ACE2 and TMPRSS2, two proteins required for SARS-CoV-2 entry, are produced in cells in the nasal cavity that contribute to odor detection. The findings may explain why people with coronavirus often describe the loss of the sense of smell as a symptom of the virus.
A simple smell test could help doctors to identify which patients in a vegetative state will recover. 100% of patients in a vegetative state who reacted to the sniff test went on to regain consciousness. 91% of those were still alive three years post-injury.
Mounting evidence suggests coronavirus affects the brain, in addition to the lungs. Researchers are examining the threat COVID-19 posses to long term brain health. They speculate maternal inflammation could lead to an increased risk of autism-like behaviors and neurodevelopment deficits in children born to mothers diagnosed with coronavirus. Other studies are exploring how the virus may spread in the nervous system via synaptic transmission.
COVID-19 patients who reported smell loss as a symptom of their infection are ten times less likely to be hospitalized for coronavirus than those who do not report anosmia.
SCAPE microscopy, a new 3D imaging technique, allows a greater volume of brain tissue to be viewed in a much less damaging way to networks of living cells.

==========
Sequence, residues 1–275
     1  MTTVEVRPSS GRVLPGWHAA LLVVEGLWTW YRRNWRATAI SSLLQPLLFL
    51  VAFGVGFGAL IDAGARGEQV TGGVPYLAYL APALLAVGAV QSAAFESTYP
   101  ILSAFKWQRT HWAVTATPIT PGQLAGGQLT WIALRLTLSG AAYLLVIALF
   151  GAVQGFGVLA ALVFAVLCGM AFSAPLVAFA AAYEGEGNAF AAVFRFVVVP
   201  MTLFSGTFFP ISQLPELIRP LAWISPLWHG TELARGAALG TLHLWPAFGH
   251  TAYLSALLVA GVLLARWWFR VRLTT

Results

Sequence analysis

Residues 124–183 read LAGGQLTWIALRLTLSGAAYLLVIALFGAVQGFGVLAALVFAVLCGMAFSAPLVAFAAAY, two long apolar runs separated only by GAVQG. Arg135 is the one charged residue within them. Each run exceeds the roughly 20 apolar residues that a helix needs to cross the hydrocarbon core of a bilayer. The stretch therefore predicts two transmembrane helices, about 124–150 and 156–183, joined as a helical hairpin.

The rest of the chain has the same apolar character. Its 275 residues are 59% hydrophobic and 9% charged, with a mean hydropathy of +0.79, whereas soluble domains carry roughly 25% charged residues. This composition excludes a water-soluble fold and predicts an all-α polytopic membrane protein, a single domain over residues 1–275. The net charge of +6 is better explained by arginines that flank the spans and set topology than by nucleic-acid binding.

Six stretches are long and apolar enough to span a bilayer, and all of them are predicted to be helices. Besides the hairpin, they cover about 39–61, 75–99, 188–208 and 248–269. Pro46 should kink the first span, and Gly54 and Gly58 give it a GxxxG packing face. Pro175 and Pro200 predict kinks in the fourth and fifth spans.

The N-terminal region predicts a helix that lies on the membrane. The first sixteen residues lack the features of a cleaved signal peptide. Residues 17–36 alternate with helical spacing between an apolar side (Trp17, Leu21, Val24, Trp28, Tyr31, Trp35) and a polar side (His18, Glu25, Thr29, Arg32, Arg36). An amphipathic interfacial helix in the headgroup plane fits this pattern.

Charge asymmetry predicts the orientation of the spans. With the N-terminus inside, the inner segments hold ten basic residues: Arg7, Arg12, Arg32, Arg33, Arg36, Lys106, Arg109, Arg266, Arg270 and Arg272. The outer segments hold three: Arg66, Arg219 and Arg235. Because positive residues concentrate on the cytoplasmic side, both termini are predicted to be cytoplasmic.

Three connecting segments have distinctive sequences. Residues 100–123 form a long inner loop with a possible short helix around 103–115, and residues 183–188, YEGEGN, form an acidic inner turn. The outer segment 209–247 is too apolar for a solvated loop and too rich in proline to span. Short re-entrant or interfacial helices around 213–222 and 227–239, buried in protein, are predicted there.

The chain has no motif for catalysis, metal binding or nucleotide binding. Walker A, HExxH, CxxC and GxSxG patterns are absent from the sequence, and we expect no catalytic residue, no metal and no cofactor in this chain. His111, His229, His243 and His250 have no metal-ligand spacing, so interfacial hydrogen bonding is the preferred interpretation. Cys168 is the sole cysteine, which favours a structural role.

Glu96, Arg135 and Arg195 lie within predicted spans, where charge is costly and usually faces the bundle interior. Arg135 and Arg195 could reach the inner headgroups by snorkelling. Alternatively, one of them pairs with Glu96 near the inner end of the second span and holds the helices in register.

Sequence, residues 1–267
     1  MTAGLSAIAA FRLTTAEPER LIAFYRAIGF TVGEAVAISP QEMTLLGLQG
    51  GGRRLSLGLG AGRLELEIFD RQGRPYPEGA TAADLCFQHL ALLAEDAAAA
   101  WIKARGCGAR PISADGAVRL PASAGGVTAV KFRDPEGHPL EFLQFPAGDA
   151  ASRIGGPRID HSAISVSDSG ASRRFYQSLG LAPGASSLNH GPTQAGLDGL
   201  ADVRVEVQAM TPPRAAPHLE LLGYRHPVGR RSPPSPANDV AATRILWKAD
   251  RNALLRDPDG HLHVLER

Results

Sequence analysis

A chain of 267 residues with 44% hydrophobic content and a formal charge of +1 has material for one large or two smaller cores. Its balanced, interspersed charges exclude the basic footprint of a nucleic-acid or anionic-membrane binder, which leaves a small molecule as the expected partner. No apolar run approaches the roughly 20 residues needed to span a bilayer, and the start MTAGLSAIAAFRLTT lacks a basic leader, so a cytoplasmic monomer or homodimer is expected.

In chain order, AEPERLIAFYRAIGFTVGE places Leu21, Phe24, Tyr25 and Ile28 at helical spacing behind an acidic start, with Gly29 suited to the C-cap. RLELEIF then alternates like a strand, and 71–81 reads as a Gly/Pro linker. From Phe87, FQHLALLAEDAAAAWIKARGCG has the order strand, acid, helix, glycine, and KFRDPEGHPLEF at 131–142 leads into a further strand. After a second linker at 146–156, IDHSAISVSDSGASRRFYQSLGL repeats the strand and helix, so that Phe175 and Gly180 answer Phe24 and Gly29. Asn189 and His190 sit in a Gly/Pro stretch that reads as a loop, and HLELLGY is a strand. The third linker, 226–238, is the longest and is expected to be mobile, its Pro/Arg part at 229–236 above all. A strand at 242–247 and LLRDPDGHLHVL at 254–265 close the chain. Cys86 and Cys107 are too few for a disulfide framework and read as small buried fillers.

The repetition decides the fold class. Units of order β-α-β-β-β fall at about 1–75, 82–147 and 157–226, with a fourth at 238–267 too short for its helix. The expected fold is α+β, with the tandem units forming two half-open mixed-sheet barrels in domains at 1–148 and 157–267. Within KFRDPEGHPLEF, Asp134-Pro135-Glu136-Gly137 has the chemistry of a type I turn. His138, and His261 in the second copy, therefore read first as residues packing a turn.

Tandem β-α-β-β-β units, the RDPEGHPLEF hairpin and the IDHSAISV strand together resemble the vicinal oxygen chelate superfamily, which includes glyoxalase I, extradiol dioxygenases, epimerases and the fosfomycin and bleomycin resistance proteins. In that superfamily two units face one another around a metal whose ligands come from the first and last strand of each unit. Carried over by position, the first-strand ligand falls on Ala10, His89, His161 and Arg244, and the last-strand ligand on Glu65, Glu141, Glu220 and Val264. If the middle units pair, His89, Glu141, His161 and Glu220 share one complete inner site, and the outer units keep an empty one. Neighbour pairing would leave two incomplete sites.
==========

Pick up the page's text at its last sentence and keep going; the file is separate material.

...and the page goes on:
Study confirms sensory loss associated with taste and smell is strongly linked to early coronavirus infection. Based on the findings, people who report olfactory or taste loss are ten times more likely to have COVID-19 than other infections. Patients reported their sensory loss to be profound rather than mild. Encouragingly, the rate of sensory recovery was high, with patients reporting a return of normal smell and taste function within two to four weeks, which matches the time of disease recovery. Researchers also found people who reported sore throats more often tested negative for COVID-19.
As many as one in three COVID-19 patients report smell loss as an early symptom of the infection. Researchers say the loss of smell could be used as a key clinical indicator of infection in otherwise symptom-free or pre-symptomatic carriers of coronavirus.
The olfactory epithelium may be a hub for neurogenesis.
Delivering a memory-inducing scent to one nostril while a person sleeps helps boost memory retention.